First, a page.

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Dozens of Attorneys Bail on Law Firm after Pay Decreases


Dozens of Attorneys Bail on Law Firm after Pay Decreases

Summary: Over thirty attorneys have departed Edwards Wildman’s Boston office since the firm merged with Locke Lord.

According to Boston Business Journal, dozens of former Edwards Wildman attorneys have departed the firm’s Boston office since it merged with Locke Lord earlier this year, primarily due to declines in partner compensation at the end of last year. In other cases, management members have alleged that attorneys actually owe the firm money.

Dozens of Attorneys Bail on Law Firm after Pay Decreases

The firm completed the deal with Locke Lord in January. It is not uncommon for attorneys to depart firms both during and after a merger is completed, due to the reworking of rankings in the firm or due to professional conflicts of interests.

For Locke Lord, however, the exodus continues. Since the end of April, 31 Boston-based attorneys have left, including 10 partners. Those that left made up over 20 percent of the firm’s partnership ranks, and over one-fourth of its total attorney headcount in the city.

Jeff Coburn, a legal industry consultant who advises firms on mergers and other issues, said that the number of attorneys who left is abnormally high. “I wouldn’t do a merger if I had any idea that 20 percent of the people would leave,” he commented.

Now, 95 attorneys are listed on the Boston office’s website. In April, 118 were listed.

Just ten years ago, the firm had over 270 attorneys in Massachusetts. Attorney headcount has been declining since Palmer & Dodge merged with Edwards & Angell in 2005, and declined further in 2011 when Wildman Harrold Allen & Dixon also joined in a merger, becoming Edwards Wildman Palmer.

The firm’s revenue dropped by over 6 percent in 2014, which was one of the largest drops a large firm experienced in the United States. The fall hurt partner pay.

Under the firm’s partner compensation plan, attorneys were assigned a certain number of pay units at the beginning of each year. Each was projected to be worth a certain amount at the end of the year. Monthly cash payments, known as draws, were then given to the attorneys. The draws, when added together, were supposed to be less than the projected value of awarded units. In this way, at the end of the year, partners got the difference between the total value of the units and the total of the monthly draws as a reward for a good year.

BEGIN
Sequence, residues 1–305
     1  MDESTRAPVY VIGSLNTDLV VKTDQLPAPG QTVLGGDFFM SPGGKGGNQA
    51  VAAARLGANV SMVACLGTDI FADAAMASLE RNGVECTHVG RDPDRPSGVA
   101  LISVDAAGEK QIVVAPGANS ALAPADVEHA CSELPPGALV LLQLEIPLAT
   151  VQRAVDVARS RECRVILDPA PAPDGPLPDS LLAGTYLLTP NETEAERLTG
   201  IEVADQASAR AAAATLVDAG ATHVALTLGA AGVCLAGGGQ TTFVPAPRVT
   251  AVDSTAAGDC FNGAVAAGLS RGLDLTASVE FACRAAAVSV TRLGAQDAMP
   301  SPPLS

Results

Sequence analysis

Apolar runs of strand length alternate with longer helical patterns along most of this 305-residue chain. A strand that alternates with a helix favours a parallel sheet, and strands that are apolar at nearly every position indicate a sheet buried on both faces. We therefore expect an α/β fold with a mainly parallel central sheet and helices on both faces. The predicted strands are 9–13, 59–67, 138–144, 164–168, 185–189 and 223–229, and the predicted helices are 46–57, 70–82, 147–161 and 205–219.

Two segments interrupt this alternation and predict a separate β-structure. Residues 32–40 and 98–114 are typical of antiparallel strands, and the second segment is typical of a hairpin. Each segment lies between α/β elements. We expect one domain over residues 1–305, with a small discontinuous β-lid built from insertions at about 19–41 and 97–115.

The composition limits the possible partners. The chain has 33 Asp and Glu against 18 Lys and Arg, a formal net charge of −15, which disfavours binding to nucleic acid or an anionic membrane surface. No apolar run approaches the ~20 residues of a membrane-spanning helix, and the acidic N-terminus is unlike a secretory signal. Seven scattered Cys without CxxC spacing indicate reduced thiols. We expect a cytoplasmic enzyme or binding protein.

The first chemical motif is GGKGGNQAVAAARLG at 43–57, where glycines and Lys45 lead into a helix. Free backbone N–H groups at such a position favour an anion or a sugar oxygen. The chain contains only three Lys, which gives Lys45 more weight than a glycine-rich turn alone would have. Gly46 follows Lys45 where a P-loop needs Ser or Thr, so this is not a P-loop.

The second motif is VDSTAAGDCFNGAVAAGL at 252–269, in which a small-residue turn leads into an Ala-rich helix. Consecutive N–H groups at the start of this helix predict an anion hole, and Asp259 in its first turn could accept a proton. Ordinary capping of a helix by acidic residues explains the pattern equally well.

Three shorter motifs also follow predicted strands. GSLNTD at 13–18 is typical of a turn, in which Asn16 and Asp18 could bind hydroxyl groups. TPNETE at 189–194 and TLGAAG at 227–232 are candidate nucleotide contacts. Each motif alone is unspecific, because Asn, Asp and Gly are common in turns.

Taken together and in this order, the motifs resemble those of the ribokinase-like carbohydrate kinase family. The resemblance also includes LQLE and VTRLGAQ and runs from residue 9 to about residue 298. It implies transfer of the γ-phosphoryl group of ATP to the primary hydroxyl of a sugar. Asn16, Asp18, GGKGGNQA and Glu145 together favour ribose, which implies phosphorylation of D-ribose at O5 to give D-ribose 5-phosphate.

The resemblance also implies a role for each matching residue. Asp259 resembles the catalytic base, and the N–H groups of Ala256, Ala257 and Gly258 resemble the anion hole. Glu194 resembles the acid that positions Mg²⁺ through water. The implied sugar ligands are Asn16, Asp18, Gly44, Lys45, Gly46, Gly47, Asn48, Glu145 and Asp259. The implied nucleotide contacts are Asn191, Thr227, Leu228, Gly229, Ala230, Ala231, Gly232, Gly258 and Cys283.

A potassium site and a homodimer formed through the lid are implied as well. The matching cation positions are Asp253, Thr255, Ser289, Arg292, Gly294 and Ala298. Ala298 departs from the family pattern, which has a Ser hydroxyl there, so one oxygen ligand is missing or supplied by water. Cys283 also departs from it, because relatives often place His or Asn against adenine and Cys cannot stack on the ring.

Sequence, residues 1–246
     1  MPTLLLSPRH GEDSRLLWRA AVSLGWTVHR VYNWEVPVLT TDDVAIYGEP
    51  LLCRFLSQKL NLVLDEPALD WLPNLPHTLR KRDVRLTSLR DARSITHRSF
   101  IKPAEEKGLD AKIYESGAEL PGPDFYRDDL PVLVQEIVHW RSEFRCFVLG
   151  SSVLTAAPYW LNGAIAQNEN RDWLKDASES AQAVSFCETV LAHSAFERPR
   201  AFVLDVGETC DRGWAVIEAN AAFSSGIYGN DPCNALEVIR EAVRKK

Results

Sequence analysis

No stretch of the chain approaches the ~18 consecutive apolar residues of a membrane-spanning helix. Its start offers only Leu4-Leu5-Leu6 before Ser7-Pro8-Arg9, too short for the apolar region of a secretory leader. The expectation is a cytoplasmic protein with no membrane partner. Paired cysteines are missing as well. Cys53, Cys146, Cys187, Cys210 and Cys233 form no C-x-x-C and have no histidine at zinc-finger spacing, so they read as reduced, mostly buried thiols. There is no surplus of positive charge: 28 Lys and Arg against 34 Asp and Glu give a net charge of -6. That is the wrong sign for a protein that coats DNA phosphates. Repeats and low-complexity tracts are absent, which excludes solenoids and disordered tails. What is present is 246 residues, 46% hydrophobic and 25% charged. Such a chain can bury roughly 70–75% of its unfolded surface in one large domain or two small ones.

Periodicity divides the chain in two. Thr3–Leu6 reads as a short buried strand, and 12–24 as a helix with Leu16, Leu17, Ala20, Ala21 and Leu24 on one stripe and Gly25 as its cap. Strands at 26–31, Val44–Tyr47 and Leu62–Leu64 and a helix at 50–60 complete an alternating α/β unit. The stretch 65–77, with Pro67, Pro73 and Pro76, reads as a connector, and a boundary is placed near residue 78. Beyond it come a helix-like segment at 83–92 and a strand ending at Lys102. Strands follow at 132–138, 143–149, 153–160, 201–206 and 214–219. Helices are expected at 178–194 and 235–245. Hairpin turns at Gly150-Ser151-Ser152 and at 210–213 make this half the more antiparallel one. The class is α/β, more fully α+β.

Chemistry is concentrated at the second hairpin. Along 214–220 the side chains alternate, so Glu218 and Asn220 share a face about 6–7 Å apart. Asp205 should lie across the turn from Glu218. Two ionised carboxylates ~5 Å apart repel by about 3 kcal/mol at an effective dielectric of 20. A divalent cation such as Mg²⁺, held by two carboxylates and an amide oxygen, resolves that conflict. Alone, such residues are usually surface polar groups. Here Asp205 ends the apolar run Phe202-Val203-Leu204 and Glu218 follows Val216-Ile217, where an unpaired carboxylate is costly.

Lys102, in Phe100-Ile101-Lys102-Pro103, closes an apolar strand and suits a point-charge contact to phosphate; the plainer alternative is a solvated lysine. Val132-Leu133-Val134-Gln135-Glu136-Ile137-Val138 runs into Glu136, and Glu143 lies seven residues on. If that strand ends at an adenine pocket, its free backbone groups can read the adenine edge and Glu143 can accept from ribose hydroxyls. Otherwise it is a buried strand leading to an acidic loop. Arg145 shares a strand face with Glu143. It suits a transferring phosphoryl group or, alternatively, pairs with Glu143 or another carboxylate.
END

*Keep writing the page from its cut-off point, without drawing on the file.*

However, the firm’s budget was so tight that monthly draws shrank, and some partners actually withdrew more than the scheduled earnout.

Though Locke Lord was fiscally stronger than Edwards Wildman, the merger could not provide the stability that partners wanted. In fact, Locke Lord sent a memorandum to legacy partners, saying that any debt owed to the firm would be forgiven if they would stick around for two more years. One attorney who departed the firm said that the offer seemed “almost like an indentured servitude.”

Attorneys from all areas of the firm have departed. A group of private-client and trust attorneys moved to Goulston & Storrs PC. Two partners joined Hinckley Allen & Snyder, and two others joined Goodwin Procter. Other partners have joined Foley Hoag, McCarter & English, and Mintz Levin Cohn Ferris Glovsky and Popeo.

Matt McTygue, the managing partner of the firm’s Boston office, would not comment on compensation issues, but did say that Locke Lord’s success bodes well for the future. He said, “If you look at what Locke Lord has done with their other mergers, they have a consistent track record with making the firm more profitable, and I think we are all excited about that opportunity.”

He added, “A lot of those departures ... it’s not easy when people leave, and some of them have been disappointing, but largely they haven’t been unexpected.”

Both Jerry Clements, the chair of Locke Lord, and McTygue said that the Boston office should add more lateral hires later this year and in 2016. McTygue said he is discussing positions with at least five partner laterals from two different firms. He said that the Boston office wants to increase its real estate and commercial finance teams.

Clements said that Edwards Wildman was desirable because of its entry into the tough Boston market, as well as its private equity and fund formation practices, all of which are still in place.

Clements added, “We have done a lot of mergers over the years, so we certainly know law firm mergers are challenging, but we’ve got a lot of great experience in doing these and a great record in successful mergers.”

Source: Boston Business Journal

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